Lupus is difficult to diagnose because of the vagueness of the symptoms each person might have. There is no single test that can diagnose lupus. A diagnosis is usually confirmed based on a complete medical history, reported symptoms, and a physical examination that may include the following:
Blood test - To detect for certain antibodies that are present in most people with lupus
Blood and urine tests - To assess kidney function
Complement test - To measure the level of complement, a group of proteins in the blood that help destroy foreign substances; low levels of complement in the blood are often associated with lupus)
Erythrocyte sedimentation rate (ESR or sed rate) - A measurement of how quickly red blood cells fall to the bottom of a test tube. When swelling and inflammation are present, the blood's proteins clump together and become heavier than normal. Thus, when measured, they fall and settle faster at the bottom of the test tube. Generally, the faster the blood cells fall, the more severe the inflammation.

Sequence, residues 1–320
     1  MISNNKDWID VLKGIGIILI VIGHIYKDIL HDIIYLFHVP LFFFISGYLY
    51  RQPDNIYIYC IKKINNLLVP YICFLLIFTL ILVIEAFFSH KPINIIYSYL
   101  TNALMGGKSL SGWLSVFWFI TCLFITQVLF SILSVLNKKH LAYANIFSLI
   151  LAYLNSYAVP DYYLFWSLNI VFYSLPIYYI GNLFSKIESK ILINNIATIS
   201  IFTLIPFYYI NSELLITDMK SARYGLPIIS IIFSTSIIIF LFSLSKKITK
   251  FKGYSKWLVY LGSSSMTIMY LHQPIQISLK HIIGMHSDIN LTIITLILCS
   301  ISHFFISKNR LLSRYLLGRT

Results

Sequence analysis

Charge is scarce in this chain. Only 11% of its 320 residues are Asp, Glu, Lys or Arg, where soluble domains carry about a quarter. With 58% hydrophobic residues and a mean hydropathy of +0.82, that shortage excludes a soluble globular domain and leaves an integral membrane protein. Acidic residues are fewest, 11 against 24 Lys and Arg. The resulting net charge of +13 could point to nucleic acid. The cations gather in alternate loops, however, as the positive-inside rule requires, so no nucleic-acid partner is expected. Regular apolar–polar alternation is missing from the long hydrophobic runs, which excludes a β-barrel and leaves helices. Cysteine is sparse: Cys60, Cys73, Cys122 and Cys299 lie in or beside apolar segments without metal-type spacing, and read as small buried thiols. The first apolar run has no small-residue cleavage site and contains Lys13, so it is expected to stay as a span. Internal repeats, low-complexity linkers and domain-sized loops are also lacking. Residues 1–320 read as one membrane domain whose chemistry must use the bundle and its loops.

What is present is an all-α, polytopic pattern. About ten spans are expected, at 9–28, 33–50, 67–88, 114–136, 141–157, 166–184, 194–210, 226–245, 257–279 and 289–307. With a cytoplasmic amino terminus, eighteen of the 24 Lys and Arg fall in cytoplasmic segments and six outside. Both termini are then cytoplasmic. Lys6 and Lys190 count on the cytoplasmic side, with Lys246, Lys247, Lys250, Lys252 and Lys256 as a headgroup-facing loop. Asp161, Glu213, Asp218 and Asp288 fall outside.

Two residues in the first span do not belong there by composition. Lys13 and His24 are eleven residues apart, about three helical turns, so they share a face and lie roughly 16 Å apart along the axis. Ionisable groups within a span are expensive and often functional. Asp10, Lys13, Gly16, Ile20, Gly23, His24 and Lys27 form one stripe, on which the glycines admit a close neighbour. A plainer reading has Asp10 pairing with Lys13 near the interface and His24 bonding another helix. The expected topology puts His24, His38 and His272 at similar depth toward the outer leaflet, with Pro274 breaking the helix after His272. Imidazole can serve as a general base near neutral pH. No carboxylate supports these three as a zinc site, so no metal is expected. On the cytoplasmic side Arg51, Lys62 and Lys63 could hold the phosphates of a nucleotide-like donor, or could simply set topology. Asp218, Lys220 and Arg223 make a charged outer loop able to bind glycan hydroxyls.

C-reactive protein (CRP) - A protein that is elevated when inflammation is found in the body. Although ESR and CRP reflect similar degrees of inflammation, sometimes one will be elevated when the other is not. This test may be repeated to test your response to medication.
Further, the American College of Rheumatology created a set of criteria to assist physicians in making a diagnosis of lupus. The individual must have four of the 11 specific criteria to be diagnosed with lupus. It is important to remember that having some of the following symptoms does not mean that lupus is the diagnosis. The criteria include the following:
Malar rash - A rash shaped like a butterfly that is usually found of the bridge of the nose and the cheeks.
Discoid rash - A raised rash usually found on the head, arms, chest, or back.